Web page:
Directions : Read the following passage and answer the questions.
In their traditional mould, a court adjudicates disputes between parties-and in that context examines the causes brought before them-where there were instances of violation of constitutional rights of the underprivileged .This was extended to apathy in enforcing environmental law. The court took on the task of examining causes. The PIL was born!
With time, the growth of this kind of intervention by the court gave birth to organisations whose objective was to file PILs to champion public causes. As intervention of the courts increased. PILs increasingly became at time a vehicle for “eminent” members of civil society to clothe their point of view in a constitutional garb and seek its enforcement as enforcement of pseudo-constitutional rights. Undeterred by the consequences of monumental failures of court monitored investigations such as the Jain Hawala case and the 2G case, petitions continue to be filled seeking court monitored investigations into all and sundry.
Left leaning economic philosophies which have been abandoned in their country of origin, and whose protagonists have lost at the hustings, are attempted to be fed into the system through judicial edict. Whether it be privatisation or nuclear power generation, creation of new highways, new ports or new airports- the court is asked to step in and prevent the elected executive from implementing its policies.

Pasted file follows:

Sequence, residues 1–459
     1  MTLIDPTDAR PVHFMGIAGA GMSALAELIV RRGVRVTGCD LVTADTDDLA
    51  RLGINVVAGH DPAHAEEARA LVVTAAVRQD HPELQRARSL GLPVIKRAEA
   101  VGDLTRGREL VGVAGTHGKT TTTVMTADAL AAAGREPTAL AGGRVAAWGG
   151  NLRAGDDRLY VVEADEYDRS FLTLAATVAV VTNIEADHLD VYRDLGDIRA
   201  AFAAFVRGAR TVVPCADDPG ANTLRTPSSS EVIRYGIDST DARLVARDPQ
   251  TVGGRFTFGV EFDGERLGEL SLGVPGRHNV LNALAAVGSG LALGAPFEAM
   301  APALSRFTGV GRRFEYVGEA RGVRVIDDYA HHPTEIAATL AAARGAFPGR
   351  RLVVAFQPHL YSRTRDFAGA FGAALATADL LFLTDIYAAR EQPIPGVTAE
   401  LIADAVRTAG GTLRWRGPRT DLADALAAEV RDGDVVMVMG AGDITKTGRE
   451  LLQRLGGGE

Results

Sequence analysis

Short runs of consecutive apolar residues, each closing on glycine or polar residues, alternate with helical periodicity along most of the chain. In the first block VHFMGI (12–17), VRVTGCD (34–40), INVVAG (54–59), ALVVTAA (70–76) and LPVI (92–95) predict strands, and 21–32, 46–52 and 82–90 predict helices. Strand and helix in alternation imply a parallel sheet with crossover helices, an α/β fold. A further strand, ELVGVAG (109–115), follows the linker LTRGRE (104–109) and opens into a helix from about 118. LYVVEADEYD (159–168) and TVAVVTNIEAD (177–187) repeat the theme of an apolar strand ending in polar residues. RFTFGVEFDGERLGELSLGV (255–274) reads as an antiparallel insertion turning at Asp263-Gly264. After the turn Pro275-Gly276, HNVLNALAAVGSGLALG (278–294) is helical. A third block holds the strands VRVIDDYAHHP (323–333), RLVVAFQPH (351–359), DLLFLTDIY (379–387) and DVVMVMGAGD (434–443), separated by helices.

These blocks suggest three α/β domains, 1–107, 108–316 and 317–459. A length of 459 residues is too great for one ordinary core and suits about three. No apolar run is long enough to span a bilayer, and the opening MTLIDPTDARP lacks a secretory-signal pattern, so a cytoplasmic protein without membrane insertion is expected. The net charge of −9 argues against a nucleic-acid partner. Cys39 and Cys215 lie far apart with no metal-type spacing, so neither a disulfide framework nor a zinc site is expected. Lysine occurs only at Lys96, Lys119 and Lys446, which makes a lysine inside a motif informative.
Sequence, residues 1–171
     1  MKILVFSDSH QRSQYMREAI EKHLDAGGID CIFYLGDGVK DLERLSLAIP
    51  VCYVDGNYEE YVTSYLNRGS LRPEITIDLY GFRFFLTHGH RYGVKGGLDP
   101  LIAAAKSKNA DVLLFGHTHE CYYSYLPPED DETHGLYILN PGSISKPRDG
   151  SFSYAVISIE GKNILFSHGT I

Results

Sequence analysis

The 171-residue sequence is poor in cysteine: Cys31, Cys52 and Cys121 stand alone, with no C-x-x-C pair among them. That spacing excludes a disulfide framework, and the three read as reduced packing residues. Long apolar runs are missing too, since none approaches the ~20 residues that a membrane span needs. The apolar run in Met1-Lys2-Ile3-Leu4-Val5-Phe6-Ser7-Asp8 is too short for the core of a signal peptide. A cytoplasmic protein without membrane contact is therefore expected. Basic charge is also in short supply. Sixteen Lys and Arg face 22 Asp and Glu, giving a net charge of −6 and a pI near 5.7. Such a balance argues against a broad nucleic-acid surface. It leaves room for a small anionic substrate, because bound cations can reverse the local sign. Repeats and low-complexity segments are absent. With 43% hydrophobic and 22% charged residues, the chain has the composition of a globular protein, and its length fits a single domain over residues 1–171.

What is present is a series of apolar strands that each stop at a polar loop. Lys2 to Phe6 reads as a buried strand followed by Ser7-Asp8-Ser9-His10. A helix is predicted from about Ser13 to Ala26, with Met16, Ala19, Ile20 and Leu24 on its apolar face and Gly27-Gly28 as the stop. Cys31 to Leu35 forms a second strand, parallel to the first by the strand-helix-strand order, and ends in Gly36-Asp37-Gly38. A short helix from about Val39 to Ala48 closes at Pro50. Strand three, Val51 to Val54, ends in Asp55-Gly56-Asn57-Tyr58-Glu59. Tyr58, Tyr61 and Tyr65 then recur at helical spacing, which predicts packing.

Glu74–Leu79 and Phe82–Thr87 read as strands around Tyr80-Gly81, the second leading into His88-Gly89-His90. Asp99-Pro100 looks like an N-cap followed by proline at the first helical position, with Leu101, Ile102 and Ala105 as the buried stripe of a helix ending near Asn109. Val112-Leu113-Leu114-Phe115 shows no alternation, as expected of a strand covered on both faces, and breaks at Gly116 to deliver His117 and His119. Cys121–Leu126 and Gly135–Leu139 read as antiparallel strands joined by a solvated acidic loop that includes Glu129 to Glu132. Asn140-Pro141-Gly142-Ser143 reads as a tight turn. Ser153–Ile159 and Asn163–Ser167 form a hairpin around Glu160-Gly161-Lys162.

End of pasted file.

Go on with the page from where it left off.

2009-2014 saw a dramatic rise in such PILs – as governance shrank, the remit of the court’s power seemed to grow, for nature abhors a vacuum. This intrusive jurisdiction had, at some point, to be tempered. The need for a course correction was apparent to those who dispassionately examined the working of the institution .And that is what has happened.
Justice is not a cloistered virtue, and the judgements of the court must be open to public debate. Criticising the judges and condemning the institution by ascribing motives to the judges and accusing them of lack of intellectual integrity is quite another matter. The Jain Hawala case judgements and the 2G judgements have exposed the dangers of court monitored investigations, where reputations are destroyed and businesses laid waste, only to end in mass acquittals. The coal allocation judgment and the Goa mining judgement have generously contributed to bringing down the GDP. Yet any suggestion that the judges, who dealt with those cases, acted out of anything other than the highest of motives is preposterous.
1. According to the passage the growth of the PILs(Public Interest Litigation) can be attributed to